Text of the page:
Malaria testing is performed either at private laboratories or at the Centers for Disease Control and Prevention (CDC). The MDPH State Laboratory Institute (SLI) does not perform diagnostic testing for malaria, but it will forward thick and thin blood smears to the CDC for testing. The CDC will also perform serologic testing for malaria, but only under special circumstances (e.g., serum of a blood donor suspected of being a source of transfusion-related malaria or serum from laboratories conducting malaria-related studies).
Call the SLI Reference Laboratory, at (617) 983-6607, before submitting any specimens. Please

obtain prior approval for serologic testing from the CDC Division of Parasitic Diseases, at (770) 488-7760, before contacting and submitting specimens to the SLI Reference Laboratory.

Section 3:

A. Purpose of Surveillance and Reporting

  • To identify imported cases of malaria.

  • To ensure that cases are appropriately contained and treated to prevent the re-introduction of malarial parasites into native mosquito populations.

  • To identify locally acquired cases, if they occur, and to implement appropriate active surveillance and mosquito control interventions.

  • To provide travelers with appropriate preventive health information.

B. Laboratory and Health Care Provider Reporting Requirements
Malaria is reportable to the local board of health (LBOH). The MDPH requests that health care providers immediately report to the LBOH in the community where the case is diagnosed, all confirmed or suspect cases of malaria, as defined by the reporting criteria in Section 2A.
Laboratories performing examinations on any specimens derived from Massachusetts residents that yield evidence of Plasmodium infection shall report such evidence of infection directly to the MDPH within 24 hours.
C. Local Board of Health (LBOH) Reporting and Follow-up Responsibilities
Reporting Requirements
MDPH regulations (105 CMR 300.000) stipulate that malaria is reportable to the LBOH and that each LBOH must report any confirmed case of malaria or suspect case of malaria, as defined by the reporting criteria in Section 2A. Cases should be reported to the MDPH Bureau of Communicable Disease Control, Office of Integrated Surveillance and Informatics Services (ISIS) using a MDPH Malaria Case Report Form (found at the end of this chapter). Refer to the Local Board of Health Timeline at the end of this manual’s Introduction section for information on prioritization and timeliness requirements of reporting and case investigation.
Case Investigation
1. It is the responsibility of the LBOH to complete a MDPH Malaria Case Report Form (found at the end of this chapter) by interviewing the case and others who may be able to provide pertinent information. Much of the information required on the form can be obtained from the health care provider or from the medical record.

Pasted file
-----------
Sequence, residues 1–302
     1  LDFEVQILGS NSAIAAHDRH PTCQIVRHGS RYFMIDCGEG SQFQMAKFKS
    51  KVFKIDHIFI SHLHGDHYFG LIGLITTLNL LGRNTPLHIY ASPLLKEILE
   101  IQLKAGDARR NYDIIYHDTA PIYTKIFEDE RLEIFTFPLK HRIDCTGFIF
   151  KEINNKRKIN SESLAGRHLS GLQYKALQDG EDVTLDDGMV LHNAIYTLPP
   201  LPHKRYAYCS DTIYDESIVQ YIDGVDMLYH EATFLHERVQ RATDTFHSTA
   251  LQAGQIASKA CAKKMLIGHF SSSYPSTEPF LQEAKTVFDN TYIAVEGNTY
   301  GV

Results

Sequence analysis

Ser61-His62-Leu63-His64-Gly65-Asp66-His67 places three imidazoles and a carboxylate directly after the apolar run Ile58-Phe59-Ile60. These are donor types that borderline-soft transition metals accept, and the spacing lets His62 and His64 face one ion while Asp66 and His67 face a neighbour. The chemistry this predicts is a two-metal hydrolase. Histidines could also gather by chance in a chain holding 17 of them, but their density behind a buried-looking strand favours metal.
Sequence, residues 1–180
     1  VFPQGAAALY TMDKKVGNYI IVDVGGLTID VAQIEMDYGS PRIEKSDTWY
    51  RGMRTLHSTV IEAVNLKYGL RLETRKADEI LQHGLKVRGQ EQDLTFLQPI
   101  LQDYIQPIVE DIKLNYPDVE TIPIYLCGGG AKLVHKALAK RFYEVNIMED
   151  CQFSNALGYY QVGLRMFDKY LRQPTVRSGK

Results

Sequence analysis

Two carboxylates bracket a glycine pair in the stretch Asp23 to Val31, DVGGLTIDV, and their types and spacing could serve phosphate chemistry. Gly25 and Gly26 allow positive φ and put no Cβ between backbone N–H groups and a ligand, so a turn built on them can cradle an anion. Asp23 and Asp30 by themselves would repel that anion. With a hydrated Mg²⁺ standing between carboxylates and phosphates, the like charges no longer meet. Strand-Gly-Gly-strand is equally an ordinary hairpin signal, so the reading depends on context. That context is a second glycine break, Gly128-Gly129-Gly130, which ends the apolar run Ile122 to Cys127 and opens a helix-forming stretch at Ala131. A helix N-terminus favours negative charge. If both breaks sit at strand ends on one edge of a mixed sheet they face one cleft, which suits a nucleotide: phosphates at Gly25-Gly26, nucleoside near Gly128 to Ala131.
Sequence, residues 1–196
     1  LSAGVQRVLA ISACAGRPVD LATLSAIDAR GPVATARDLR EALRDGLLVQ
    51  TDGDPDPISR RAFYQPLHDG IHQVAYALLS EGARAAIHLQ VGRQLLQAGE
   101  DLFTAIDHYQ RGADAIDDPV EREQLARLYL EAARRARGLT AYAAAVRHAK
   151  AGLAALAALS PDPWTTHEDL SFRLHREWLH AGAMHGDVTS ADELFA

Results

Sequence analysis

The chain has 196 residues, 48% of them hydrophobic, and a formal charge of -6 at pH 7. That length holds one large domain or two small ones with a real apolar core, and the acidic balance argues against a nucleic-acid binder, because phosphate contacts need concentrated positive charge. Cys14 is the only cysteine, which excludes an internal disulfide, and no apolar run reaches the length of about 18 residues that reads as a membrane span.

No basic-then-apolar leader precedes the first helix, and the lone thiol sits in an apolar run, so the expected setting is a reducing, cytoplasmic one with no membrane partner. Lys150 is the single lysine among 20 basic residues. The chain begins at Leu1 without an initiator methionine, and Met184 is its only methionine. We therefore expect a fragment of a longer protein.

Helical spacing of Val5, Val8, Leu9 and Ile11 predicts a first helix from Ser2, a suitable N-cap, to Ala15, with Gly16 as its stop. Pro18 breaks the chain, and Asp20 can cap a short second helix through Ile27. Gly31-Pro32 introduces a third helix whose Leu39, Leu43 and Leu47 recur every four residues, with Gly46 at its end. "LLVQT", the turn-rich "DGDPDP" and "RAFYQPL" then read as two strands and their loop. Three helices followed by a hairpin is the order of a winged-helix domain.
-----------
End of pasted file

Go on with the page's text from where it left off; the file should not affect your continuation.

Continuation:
2. Use the following guidelines to assist in completing the form:
a. Accurately record the demographic information, date of symptom onset, pregnancy status, health care provider information, and whether hospitalized (including location and associated dates).
b. Accurately record laboratory results, particularly the species of malaria, and the laboratory that performed the testing.
c. Record information about whether and where the case has spent time out of the country in the past four years, including the duration of stay and the date returned.
d. Indicate whether the case took malaria prophylaxis, and if so, what kind.
e. Record whether the case has had a history of malaria within the past 12 months.
f. Record whether the case has either donated or received blood or organs in the past 12 months. Note: If the patient is a recent blood or organ donor, this information should be provided to the MDPH as soon as possible so the CDC and other appropriate agencies can be notified.
g. Be sure to record all clinical complications and whether the illness was fatal.
h. Indicate which therapy was given for this illness.
i. There is a “Continuation” section on the back of the form which can be used to document other relevant aspects of the investigation that are not captured elsewhere on the form (e.g., other risk information such as recent history of injection drug use or perinatal transmission, history of malaria prior to the last 12 months, and any medical care received abroad.)
3. If you have made several attempts to obtain case information but have been unsuccessful (e.g., the case or health care provider does not return your calls or respond to a letter, or the case refuses to divulge information or is too ill to be interviewed), please fill out the form with as much information as you have gathered. Please note on the form the reason(s) why it could not be filled out completely.
4. After completing the form, attach laboratory report(s) and fax or mail (in an envelope marked “Confidential”) to ISIS. The confidential fax number is (617) 983-6813. Call ISIS at (617) 983-6801 to confirm receipt of your fax. The mailing address is:
MDPH, Office of Integrated Surveillance and Informatics Services (ISIS)

305 South Street, 5th Floor

Jamaica Plain, MA 02130

Fax: (617) 983-6813